The two basic approaches to quantifying benefits/disbenefits are to determine the willingness to pay of consumers, or to set performance metrics for certain impacts of the project.
Willingness to pay
Willingness to pay is the highest price that the average consumer would be willing to pay to obtain a product or service, or to avoid a negative outcome. For instance, imagine an open-air music festival where one vendor is selling umbrellas. On one day, the vendor might find they can only charge $15 per umbrella, and that their sales decline sharply if they raise their prices any higher. However, if a sudden rainstorm strikes the festival, they might be able to raise their prices to $35 per umbrella, because the willingness to pay of their consumers has been affected by their circumstances.
In this case, we would say that the value of the umbrellas was found using the revealed preference technique. This means that the customers of the umbrella vendor were revealing the value of the umbrellas through their purchasing habits. If the price were too high, and the average festival-goer would prefer to save their money and get rained on, then the umbrella would not be worth that amount. If most consumers would gladly exchange the listed price for an umbrella, then the price is acceptable or could be increased. We can also imagine the revealed preference technique working in a reverse situation; if new toll stations were installed on a major commuter bridge, how far out of their way would commuters be willing to travel to avoid the toll? How low would the toll need to be to discourage commuters from taking the detour?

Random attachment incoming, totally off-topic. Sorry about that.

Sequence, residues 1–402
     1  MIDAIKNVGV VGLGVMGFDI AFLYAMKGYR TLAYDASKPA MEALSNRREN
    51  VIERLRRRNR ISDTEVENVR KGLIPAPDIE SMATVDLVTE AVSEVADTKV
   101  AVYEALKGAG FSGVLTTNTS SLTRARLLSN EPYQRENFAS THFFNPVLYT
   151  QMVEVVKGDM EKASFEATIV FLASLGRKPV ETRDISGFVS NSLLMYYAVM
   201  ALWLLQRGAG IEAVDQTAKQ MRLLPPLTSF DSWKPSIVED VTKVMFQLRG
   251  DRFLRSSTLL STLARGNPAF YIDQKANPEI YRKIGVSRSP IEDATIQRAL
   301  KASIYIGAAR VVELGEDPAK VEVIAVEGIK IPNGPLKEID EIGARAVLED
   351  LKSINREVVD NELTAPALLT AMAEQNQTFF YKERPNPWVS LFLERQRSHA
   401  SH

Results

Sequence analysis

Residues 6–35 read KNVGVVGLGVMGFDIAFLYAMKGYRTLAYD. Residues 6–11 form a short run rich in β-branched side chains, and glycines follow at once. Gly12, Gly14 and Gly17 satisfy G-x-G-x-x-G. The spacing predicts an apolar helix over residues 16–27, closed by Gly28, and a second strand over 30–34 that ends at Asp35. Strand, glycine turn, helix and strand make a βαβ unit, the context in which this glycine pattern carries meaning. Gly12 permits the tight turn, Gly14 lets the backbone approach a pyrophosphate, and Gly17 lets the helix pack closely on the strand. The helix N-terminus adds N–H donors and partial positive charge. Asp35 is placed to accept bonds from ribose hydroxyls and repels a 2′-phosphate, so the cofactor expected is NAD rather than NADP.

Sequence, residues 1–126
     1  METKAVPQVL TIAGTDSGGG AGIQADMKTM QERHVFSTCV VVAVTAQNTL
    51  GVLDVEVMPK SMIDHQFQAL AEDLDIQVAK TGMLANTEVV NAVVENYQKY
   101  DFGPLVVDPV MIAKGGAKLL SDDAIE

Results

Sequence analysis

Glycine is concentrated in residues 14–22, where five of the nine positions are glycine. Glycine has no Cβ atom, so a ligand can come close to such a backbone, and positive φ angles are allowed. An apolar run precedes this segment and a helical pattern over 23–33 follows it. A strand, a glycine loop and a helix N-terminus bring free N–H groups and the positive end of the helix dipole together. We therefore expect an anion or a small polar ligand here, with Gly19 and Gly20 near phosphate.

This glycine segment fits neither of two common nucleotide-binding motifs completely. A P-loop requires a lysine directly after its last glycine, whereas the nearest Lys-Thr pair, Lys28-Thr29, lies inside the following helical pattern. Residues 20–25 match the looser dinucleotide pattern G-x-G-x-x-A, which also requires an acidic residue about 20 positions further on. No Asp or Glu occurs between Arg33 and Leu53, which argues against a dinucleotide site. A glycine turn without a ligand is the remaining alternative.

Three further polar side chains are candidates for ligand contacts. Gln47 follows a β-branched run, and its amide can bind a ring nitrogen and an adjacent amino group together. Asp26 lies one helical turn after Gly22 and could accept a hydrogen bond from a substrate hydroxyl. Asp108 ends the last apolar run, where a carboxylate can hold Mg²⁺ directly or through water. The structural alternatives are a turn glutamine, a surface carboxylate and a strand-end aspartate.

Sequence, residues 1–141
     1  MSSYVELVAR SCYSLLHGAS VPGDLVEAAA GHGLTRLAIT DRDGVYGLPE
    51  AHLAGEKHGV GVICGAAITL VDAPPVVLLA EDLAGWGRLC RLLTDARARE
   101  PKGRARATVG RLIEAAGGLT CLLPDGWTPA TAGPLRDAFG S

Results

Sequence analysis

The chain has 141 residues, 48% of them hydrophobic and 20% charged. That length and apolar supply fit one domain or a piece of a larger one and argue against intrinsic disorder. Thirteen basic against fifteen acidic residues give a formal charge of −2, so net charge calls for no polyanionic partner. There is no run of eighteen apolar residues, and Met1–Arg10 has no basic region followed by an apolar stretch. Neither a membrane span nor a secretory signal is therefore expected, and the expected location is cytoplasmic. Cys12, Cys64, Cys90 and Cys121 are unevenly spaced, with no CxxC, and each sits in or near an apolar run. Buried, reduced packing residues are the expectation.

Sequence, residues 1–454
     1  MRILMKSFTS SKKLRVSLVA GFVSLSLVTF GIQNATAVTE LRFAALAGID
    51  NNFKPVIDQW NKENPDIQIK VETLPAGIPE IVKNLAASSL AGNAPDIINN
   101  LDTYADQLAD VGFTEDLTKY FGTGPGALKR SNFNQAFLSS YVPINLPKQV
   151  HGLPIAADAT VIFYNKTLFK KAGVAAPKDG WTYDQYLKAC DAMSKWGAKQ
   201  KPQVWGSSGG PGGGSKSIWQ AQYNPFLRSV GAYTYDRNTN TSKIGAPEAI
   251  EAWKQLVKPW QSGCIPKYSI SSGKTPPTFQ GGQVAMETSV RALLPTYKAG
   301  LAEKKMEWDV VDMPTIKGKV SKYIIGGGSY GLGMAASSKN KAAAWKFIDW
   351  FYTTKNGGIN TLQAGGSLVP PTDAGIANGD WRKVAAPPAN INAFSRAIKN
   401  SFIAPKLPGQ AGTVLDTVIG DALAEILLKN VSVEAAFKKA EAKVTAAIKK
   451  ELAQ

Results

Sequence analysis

The alternative to the revealed preference technique is the stated preference technique. This approach relies on surveying consumers directly about their willingness to pay. The advantage of this technique is that it gives straightforward answers that can be directly applicable to the situation at hand. Would you change laundry detergent brands if there was an alternative $2 cheaper? How much more would you be willing to pay for internet if your provider upgraded to a high-speed, fiber-optic network? Would a new tax on cigarettes impact your decision to quit (or begin) smoking? Would increased ticket prices for speeding cause you to change your driving habits?